Nine genes were selected for targeted sequencing based on results from the TCGA Head and Neck Squamous Cell Carcinoma (HNSCC) cohort, including CDKN2A, NOTCH1, PIK3CA, TP53, FAT1, CASP8, COL11A1, and HRAS, as well as the TERT promoter region. A custom capture for these nine genes was designed using the Illumina Ampliseq platform. Tumor and matched blood samples (118 patients with matched blood, 22 tumor alone) were processed at the London Regional Genomics Centre on the Illumina MiSeq platform. FASTQ files were downloaded and aligned to GRCh38 using BWA-MEM (v0.7.15). Duplicates were not marked (due to the highly targeted nature of the data). Indel realignment and recalibration was performed using GATK (v3.7.0). A minimum of 80x (tumor) or 50x (normal) coverage across at least 80% of target sequences was obtained in 78% of the samples (201/257; Additional file 1: Figure S1). A single tumor had very poor coverage and was removed from downstream analyses (Additional file 2: Figure S2). Similarly, a single normal sample also had very poor coverage and was removed. The matched tumor sample was subsequently treated as tumor only. For tumors with a matched normal, germline single nucleotide polymorphisms were called using GATKs HaplotypeCaller (v3.7.0) and filtered for quality and read depth. Somatic single nucleotide variants (SNVs) were identified using MuTect (v1.1.7); for tumors without a matched normal sample, a panel of normals (PoN) [generated using 438 normal samples from the TCGA HNSC dataset (BWA v0.7.12 with hs37d5, GATK v3.4.0, MuTect v1.1.6, converted to GRCh38 coordinates using picard v2.7.1)] was used to remove probable germline variants (along with the following filters: SNV passed quality control, had a minimum read depth of 50x and was present in fewer than 4 samples in the PoN). Somatic SNVs were filtered to remove non-functional, off-target (intronic/intergenic) variants prior to downstream analyses. Statistical analyses were performed in the R statistical environment (v3.4.3), with visualizations generated using the BPG (v5.9.8) with the lattice (v0.20–38) and latticeExtra (v0.6–28) packages.

Determination of HPV status in oral cavity patients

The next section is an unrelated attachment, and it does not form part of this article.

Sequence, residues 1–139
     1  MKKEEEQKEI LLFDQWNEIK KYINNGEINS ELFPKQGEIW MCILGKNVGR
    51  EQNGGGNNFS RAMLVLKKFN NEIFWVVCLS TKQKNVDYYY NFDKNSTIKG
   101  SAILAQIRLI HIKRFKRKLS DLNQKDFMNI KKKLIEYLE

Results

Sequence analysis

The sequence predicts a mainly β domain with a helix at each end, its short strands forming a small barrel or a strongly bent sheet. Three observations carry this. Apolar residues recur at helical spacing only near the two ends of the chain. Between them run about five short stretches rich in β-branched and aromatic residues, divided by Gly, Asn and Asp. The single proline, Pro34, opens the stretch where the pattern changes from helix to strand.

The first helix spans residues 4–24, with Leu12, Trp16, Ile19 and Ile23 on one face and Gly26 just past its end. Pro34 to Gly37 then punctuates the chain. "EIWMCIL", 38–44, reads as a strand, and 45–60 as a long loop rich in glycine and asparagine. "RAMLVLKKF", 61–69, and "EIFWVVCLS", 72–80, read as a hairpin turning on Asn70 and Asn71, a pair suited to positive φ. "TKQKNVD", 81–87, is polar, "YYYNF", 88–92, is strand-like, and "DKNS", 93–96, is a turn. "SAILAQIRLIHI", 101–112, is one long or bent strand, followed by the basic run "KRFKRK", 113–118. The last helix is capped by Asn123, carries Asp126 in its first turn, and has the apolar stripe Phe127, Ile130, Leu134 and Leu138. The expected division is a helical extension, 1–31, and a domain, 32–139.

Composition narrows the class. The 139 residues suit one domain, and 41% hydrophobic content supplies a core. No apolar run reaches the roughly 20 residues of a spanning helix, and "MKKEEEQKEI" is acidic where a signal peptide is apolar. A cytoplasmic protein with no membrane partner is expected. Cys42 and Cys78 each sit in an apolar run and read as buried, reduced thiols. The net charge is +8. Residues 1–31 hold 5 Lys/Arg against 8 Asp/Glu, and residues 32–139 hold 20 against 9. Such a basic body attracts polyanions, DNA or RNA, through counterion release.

TaqMan primers and probes that were described previously [6, 16, 17] were used to determine the HPV status of the oral cavity tumor samples for HPV types 16, 18, 33, 35 and 56.

Statistical analyses

Descriptive statistics were generated for baseline patient, tumor and treatment characteristics for all patients that had successfully sequenced samples (n = 135). Univariate and multivariate Cox Proportional Hazards Regression was performed to identify significant (p < 0.05) predictors of overall survival (OS) and disease-free survival (DFS). Multivariate analysis was performed by first constructing cox models of OS and DFS with all appropriate variables (as identified by univariate analyses), with a backwards stepwise approach to attain the best fitting models of survival. Kaplan-Meier estimates were generated for OS and DFS for all patients. All statistical analyses were performed in SAS (v9.4; SAS institute, Cary NC) using two-sided statistical testing at the 0.05 significance level.


Baseline tumor, patient and treatment characteristics

Patient demographics and clinical characteristics are summarized in Table 1. The majority of patients were male, with a mean age at diagnosis of 62.2 years. Patients had a mean smoking history of 26.2 pack years and 40.6% of patients consumed more than twenty-one alcoholic drinks per week. Five percent of patients had positive margins, however an additional 39% of cases had close margins (defined as < 3 mm at our institution). Adjuvant radiotherapy alone was provided to 45% of patients (61/135), while 26% of patients (35/135) received adjuvant chemoradiation (Table 1). The average follow-up for patients was 32 months.

Table 1 Patient Demographics

Mutational landscape and tumor HPV status